To attempt to combat this in Out in the World, the curator Casey only wanted to use sources that allowed people to speak about their experience directly, on their own terms. This is something we mirrored in the education programme. Taking the students as a minority group themselves, we spoke to them directly about their experiences of human rights in the hopes that we could mediate them – just like we do with all the stories we tell in the museum.

Working with a few different school groups from the local area, we asked them questions such as: Did they ever feel discriminated against? If so, when, where and how? Did they feel represented fairly in wider society? Why/why not? When and how did they feel excluded, was this in their own peer group or wider? What did the terms ‘solidarity’, ‘allyship’ and ‘community’ mean to them? We then connected their experience with those in the exhibition by getting them to retell those stories that most closely mirrored their own.

As Narrative4 and other organisations researching empathy building have demonstrated, people are more responsive to stories if they tell them as their own. So, students who felt excluded retold stories of the St. Patrick’s Day Battle in New York, where LGBTQ+ groups were forbidden to participate until 2016. Those who partook in protests recounted tales of the Stonewall Rebellion in 1969. Those who felt judged because of their identity read about Albert Cashier, an American Civil War soldier who was forced to live as a woman the last few years of his life. We also discussed moments of connection and community, sharing stories of love, solidarity and return, such as Eva Gore Booth and Esther Roper, a couple who met in Italy in 1896, and Home to Vote, a social media campaign in Ireland that urged Irish people abroad to return home to vote for same-sex marriage in 2015.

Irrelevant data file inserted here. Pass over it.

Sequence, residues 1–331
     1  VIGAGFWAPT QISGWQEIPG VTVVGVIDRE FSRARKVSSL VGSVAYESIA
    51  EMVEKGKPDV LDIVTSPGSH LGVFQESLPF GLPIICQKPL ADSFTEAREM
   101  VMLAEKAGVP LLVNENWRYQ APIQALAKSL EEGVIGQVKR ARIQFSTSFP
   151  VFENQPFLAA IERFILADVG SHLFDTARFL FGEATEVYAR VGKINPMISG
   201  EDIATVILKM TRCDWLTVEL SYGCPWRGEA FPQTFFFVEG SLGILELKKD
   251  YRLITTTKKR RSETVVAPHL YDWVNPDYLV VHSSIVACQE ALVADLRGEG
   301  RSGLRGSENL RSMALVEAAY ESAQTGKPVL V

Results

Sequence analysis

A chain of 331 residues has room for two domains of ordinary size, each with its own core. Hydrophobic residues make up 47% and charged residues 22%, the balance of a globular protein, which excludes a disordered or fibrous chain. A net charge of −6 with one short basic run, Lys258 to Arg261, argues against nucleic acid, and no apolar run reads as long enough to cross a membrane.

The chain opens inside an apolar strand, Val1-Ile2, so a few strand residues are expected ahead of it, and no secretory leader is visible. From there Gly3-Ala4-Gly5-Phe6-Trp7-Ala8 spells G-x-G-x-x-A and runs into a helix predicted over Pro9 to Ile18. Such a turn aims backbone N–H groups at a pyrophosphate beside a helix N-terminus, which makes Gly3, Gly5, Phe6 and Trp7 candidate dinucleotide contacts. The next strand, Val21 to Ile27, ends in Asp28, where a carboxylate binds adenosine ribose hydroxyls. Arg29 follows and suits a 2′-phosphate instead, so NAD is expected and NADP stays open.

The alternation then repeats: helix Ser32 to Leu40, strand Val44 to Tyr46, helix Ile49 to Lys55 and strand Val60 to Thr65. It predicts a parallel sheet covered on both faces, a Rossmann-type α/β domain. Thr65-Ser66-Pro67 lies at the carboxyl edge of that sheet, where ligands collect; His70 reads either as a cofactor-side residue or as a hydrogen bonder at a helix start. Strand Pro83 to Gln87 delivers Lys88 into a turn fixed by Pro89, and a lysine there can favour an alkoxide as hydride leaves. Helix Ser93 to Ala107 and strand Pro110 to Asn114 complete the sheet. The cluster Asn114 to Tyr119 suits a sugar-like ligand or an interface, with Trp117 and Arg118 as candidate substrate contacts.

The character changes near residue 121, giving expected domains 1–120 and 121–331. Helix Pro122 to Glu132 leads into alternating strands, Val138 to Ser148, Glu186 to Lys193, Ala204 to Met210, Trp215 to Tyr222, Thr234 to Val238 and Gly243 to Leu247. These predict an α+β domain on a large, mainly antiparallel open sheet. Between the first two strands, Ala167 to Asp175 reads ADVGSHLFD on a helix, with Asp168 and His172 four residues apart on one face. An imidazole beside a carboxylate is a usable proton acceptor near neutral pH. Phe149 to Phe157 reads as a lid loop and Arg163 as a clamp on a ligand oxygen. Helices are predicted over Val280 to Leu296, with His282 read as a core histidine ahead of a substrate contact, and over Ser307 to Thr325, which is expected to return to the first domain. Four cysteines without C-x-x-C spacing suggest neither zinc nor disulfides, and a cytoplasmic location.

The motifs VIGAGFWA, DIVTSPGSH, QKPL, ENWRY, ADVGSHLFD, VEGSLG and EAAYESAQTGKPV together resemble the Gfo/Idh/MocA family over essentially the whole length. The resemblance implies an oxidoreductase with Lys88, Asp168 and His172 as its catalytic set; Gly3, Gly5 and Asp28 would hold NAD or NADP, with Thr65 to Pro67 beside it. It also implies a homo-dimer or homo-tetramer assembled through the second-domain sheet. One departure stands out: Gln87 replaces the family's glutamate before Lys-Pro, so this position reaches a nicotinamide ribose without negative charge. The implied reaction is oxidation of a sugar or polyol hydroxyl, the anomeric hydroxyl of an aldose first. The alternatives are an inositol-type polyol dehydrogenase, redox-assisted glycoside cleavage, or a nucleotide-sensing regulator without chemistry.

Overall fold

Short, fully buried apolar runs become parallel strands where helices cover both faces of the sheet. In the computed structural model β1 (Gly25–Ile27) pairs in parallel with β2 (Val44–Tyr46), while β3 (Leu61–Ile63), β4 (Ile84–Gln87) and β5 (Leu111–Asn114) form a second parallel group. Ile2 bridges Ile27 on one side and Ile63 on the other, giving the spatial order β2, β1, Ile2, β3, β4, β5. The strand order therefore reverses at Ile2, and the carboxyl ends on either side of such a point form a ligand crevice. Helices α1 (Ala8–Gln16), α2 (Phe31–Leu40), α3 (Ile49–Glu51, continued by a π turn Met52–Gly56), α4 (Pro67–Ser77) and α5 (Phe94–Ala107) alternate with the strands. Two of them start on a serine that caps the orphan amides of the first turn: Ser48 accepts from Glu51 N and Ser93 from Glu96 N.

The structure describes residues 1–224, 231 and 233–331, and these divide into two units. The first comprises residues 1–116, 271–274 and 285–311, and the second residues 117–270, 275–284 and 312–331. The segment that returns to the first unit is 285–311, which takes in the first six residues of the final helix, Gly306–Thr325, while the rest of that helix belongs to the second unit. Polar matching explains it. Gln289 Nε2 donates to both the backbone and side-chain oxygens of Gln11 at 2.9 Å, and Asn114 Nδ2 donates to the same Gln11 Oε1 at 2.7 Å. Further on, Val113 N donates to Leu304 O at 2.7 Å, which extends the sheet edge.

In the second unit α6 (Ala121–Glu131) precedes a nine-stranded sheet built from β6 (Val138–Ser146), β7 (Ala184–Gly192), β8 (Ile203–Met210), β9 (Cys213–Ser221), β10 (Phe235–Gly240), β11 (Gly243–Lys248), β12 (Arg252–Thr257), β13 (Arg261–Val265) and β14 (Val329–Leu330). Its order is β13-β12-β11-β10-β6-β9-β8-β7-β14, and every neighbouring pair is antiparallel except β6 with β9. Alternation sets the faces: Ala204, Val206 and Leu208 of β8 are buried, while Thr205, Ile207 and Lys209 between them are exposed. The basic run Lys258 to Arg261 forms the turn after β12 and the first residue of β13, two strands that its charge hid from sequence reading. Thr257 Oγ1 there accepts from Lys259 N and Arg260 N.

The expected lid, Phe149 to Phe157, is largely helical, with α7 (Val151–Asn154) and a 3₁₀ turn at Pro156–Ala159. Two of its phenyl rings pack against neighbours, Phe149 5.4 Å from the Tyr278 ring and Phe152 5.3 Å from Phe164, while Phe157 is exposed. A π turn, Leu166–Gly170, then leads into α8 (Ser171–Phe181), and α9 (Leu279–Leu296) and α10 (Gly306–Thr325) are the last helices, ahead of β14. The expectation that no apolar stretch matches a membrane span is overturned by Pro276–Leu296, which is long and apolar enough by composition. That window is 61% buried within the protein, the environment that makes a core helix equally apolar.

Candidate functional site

However, not everyone feels that they encounter these issues directly or commonly. Therefore, we were left with one defining question: how to bring these experiences to life for others? With the help of the students, we set about creating scenarios that allowed people a window into their daily experience. We acted out team game scenarios, where every student had a turn at being picked last. We set up a dialogue where the communicating parties could not speak the same language (through a simple restriction of the use of certain letters such as ‘e’ and ‘i’). We constructed ‘unsafe’ spaces filled with common fears – such as spiders, clowns and heights – and worked to create the ultimate ‘safe space’ to counteract this, filled with fluffy pillows, beds, music and gaming consoles. We attempted to create a sense of community by sharing a common love of something – such as a food, animal or hobby. We listened to each other’s stories and sought out ‘windows’ (differences) with which we could create a sense of allyship, in the hopes to all learn something new.

The result was the Out in the World Resource Pack and two workshops: Out in the World and You in the World.

I learned a lot from this experience. I encountered the power behind the same process – how through retelling the stories of teenagers, I gained a greater understanding and empathy of their experience. I witnessed how an embodied, active style of learning appealed more to this demographic than reading and writing, something they get enough of in the classroom. However, what struck me most was that while experiences may seem different because of the context in which they are framed – in this case, an exhibit about the Irish LGBTQ+ diaspora – there are always points of commonality to be found because we are all human, and human rights is an issue concerning all of us.

You can find out more about EPIC The Irish Emigration Museum’s Education Programmes on To discover more about the Out in the World Exhibition, head to